Some questions remain as the Village of Gays Mills seeks to make use of the remaining Community Development Block Grant by the December 31, 2013 deadline. At that time, all projects and corresponding paperwork must be completed.
As of July 29, the village board had identified several uses they would like to pursue for the approximately $612,000 remaining from two CDBG contracts, one for village improvements and the other for housing relocation and elevation.
The picture of what they can and cannot do in the remaining time is becoming clearer, beginning with the state’s denial of an extension beyond the Dec. 31, 2013 deadline.
With the deadline extension denied, the state also determined that the village’s request to apply a portion of the remaining funds to flood proofing and flood mitigation for businesses still remaining on Main Street was not viable due to insufficient time for project completion.
Also denied was a request to make some funds available to single-family occupancy homes for flood proofing and/or elevation.
“The request was inconsistent with what the funds were originally allocated for, relocation out of the floodplain,” explained Stan Kaitfors, the Wisconsin Department of Administration Flood Recovery Specialist working with the village. “The lone exception was to elevate and shore up rental properties for low to moderate-income tenants.”
Preserving and creating LMI properties were part of the original mandate, according to Kaitfors.
That exception allowed two additional rental properties to be approved for elevation and flood proofing.
Additional approvals included using some of the remaining funds to reimburse the village for overtime pay to Gays Mills Village Clerk Dawn McCann for project delivery costs and to increase the administrative funding to cover the costs of having Community Development Alternatives (CDA) handle the paperwork and files as the grants wrap up.
Two items remain in limbo—the Maxine Brooks’ bistro project and the request for additional funding for signs at the Gays Mills Mercantile Center.
At the July 29 meeting, the board voted to give Brooks a deadline for deciding to pursue her project. The village’s attorney, Eileen Brownlee, counseled against the move. So, Brooks was notified of the approaching Dec. 31, 2013 deadline set by the state for the CDBG funds.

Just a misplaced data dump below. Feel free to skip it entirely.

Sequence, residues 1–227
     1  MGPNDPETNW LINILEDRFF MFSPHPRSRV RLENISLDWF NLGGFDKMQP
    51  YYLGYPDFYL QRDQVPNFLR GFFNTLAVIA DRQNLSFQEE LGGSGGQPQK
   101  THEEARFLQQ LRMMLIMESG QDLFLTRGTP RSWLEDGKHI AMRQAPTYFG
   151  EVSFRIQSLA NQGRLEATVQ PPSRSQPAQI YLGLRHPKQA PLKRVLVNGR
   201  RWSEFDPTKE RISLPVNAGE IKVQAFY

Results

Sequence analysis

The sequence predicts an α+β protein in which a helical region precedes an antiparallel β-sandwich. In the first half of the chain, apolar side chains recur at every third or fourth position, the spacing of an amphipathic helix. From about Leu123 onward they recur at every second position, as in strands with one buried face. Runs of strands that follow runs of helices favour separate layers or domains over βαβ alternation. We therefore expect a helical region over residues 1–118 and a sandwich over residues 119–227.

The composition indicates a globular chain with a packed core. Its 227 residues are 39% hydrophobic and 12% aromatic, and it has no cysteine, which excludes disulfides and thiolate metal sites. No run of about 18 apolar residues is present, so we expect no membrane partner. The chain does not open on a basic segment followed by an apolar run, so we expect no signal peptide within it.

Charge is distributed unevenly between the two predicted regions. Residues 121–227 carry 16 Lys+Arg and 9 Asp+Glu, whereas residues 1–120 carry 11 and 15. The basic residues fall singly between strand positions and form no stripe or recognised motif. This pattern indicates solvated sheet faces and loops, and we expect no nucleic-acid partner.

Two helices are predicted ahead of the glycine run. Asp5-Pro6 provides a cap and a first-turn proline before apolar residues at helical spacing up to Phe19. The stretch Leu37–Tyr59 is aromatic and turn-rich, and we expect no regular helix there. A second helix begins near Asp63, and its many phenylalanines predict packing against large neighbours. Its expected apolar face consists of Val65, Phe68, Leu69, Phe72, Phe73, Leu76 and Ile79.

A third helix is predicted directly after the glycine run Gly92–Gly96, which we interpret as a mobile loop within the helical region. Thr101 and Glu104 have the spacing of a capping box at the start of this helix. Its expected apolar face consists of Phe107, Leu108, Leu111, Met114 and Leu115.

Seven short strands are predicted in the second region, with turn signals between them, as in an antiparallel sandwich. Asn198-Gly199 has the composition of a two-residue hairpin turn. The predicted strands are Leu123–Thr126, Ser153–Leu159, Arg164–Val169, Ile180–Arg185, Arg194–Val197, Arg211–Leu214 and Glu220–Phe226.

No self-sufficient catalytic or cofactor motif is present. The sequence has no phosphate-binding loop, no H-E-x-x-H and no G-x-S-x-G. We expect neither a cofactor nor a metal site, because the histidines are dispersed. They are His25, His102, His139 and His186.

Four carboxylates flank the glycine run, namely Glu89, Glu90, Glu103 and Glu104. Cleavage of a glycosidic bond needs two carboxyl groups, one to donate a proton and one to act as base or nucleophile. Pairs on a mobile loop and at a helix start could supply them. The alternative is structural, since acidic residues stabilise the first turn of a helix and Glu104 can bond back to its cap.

Brooks responded with questions about the funding. With those questions now answered, the village is awaiting her decision.
“She has been informed of the money available, if she were to rent a space or if she were to purchase,” said Dale Klemme, the Executive Director of CDA. “The where, and if, she will proceed are still to be decided, at this point.”
Brooks received a $45,000 buyout for her Main Street property. That money will have to be invested in any project she chooses to pursue, thus affecting how much she is eligible to receive.
“The maximum she could receive to purchase is $50,000, but she would need to spend $95,000 to acquire the business to get the full amount,” Klemme explained.
What Brooks receives, if she chooses to move ahead, will be based upon what she has already received, the cost of a comparable property, and actual costs, Klemme said.
“Clearly, she could decide to buy a turnkey operation, which could happen on Dec. 31,” Klemme said. “If she chooses to rent or build, she has less time to decide as the project must be complete by the end of the year.”
The request for additional funds for creating outdoor signs also remains unanswered.
Kaitfors is waiting on information from exiting Gays Mills Central Business District Manager Julie Henley on previous expenditures and how the request meets the intent and purpose of grant funding.
“My understanding is that $1,500 per relocating tenant was already requested and paid for signs,” Kaitfors said. “One of my questions is how many businesses were covered by these expenditures. If there are new relocations, they would qualify.”
Kaitfors stressed that a decision had not been made on the signage. He was awaiting more information to determine that should he approve additional funds, it did not treat businesses unfairly by allotting more money to some than to others.
The village has added one new request of Kaitfors and the Wisconsin Department of Administration, to which there has not been an answer yet – the acquisition and removal of the last remaining floodway property in the village, the old school building on Main Street by the river.